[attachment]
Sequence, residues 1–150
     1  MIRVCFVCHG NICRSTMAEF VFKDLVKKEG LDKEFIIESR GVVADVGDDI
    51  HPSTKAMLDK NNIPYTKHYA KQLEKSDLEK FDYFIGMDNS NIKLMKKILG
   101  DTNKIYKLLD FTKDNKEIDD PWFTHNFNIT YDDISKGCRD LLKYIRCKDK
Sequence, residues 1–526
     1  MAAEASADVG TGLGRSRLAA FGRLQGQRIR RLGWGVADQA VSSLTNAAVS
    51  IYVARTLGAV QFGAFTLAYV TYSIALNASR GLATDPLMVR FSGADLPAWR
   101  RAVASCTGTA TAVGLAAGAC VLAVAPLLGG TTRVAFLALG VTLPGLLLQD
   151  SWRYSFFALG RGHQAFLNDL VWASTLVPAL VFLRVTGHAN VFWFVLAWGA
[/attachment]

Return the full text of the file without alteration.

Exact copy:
Sequence, residues 1–150
     1  MIRVCFVCHG NICRSTMAEF VFKDLVKKEG LDKEFIIESR GVVADVGDDI
    51  HPSTKAMLDK NNIPYTKHYA KQLEKSDLEK FDYFIGMDNS NIKLMKKILG
   101  DTNKIYKLLD FTKDNKEIDD PWFTHNFNIT YDDISKGCRD LLKYIRCKDK
Sequence, residues 1–526
     1  MAAEASADVG TGLGRSRLAA FGRLQGQRIR RLGWGVADQA VSSLTNAAVS
    51  IYVARTLGAV QFGAFTLAYV TYSIALNASR GLATDPLMVR FSGADLPAWR
   101  RAVASCTGTA TAVGLAAGAC VLAVAPLLGG TTRVAFLALG VTLPGLLLQD
   151  SWRYSFFALG RGHQAFLNDL VWASTLVPAL VFLRVTGHAN VFWFVLAWGA